Confidence reborn in all minds, free credit is established, the interests develop on the largest scale, well-being is generalized, prosperity becomes universal, civilization is extended to all classes, and the Revolution is accomplished.

Abandon politics completely, and get seriously back to business — this then is what the true revolutionary tactic consists of; it is simple like all that is true, easy like all that is simple, and it is simple, true and easy like all that is just.

The government of the people is neither a doctrine nor an idea, but a fact; that government does not sum itself up in a motto or a color; it has for a symbol an ecu [a coin].

Thursday, March 11, 2010

Bakunin's "Political Theology of Mazzini"

There are still lots of gems hidden in the pages of Liberty, and some of them are not, perhaps, quite what you would expect to find. For instance, Sarah Holmes translated Bakunin's lengthy essay, "The Political Theology of Mazzini and the International," and Tucker serialized it in his paper. I've collected the text in the Libertarian Labyrinth archive and will be releasing a pamphlet version (part of the "Liberty2.0" project) at the Bay Area Anarchist Book Fair next weekend. It's a very interesting read. Give it a look.

Monday, March 08, 2010

Down with the Bosses!

Here's a translation of an article from Le Libertaire, originally published as "L’autorité. — La Dictature," April, 1859. I've also recently translated his poem, "To the Ci-Devant Dynastics." I think the difficulties, and the resulting rough spots, in both translations will be fairly obvious. [Translation revised, and introductory quote added: January, 2012]

aka "Down with the Bosses!"

Le Libertaire, no. 12 (April 7, 1859)
[revised translation]

What assurance have I gained?

What conclusion can I draw?


The knowledge that I have gained is that there is only one right in the world: it is the right of the strongest.

Thus, no more doubt, no more uncertainty, no more equivocation: might is right; there is no other right than force, for that right is the only one which is inviolable, the only one which carries in itself its own inevitable guarantee and its effective sanction.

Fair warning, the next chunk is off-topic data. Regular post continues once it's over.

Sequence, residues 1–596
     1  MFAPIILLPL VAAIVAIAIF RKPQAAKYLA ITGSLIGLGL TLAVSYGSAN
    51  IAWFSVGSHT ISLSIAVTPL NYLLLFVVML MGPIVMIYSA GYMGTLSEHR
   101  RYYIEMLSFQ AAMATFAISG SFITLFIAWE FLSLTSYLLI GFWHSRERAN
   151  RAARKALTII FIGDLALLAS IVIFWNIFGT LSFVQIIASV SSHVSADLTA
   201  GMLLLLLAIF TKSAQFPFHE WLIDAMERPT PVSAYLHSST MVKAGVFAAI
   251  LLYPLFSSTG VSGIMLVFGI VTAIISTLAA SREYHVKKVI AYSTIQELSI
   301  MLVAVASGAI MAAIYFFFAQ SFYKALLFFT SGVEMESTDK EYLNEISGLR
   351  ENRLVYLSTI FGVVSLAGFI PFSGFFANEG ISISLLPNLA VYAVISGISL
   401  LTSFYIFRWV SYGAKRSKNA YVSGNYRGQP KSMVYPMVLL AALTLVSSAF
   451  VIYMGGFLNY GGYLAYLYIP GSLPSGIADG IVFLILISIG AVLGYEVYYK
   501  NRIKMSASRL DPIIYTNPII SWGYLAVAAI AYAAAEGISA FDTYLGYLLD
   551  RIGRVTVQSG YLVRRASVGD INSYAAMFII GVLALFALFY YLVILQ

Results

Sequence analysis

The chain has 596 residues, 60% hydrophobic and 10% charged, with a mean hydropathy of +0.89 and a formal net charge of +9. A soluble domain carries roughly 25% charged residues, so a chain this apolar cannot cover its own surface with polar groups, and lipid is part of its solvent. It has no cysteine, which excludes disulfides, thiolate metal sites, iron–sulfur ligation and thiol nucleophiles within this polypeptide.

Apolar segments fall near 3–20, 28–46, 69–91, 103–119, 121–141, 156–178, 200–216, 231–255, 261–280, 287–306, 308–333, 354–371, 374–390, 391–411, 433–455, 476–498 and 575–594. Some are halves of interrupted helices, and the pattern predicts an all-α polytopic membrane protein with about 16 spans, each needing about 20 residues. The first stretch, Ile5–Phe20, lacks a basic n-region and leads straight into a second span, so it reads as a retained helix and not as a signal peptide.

If that conclusion is true, “transforming force” is the only object that can suggest itself to the man desiring to remove himself more and more from the state of barbarism..........

But how is it to be transformed?

By applying ourselves, relentlessly and without exception, to taking from the material force all that which it will be possible to withdraw from it, in order to add it to the immaterial force.

I call “material force:” every corporeal power, every numerical power.

I call “immaterial force:” every intellectual power, every scientific power.

I call “material force:” every artificial law, any law for the performance of which the evidence of its necessity does not suffice.

I call “immaterial force:” every natural law, any law for the performance of which the evidence of its necessity suffices.

I call “material force:” the force by which man is like an animal.

I call “immaterial force:” the force by which man is superior to all other animated beings.

Wars, conquests, authorities, what are you? You are the right of the strongest, materially, nationally.

Sciences, discoveries, liberty, what are you? You are the right of the strongest, intellectually, individually.

Such is my conclusion, and by it I come to make human thought no less inviolable than human life.

A man has no more right to prevent another man from thinking, though he is mentally deformed and infirm, than he has to prevent a man from living, though he is deformed and infirm in body.

Society has no more right against evil thinking than it has against evil conduct.

But how shall we battle evil conduct?

By not proceeding in an allopathic, but a homeopathic manner, proceeding by similarities and not by contraries; by not opposing material force to intellectual force, but by opposing force intellectual force to intellectual force.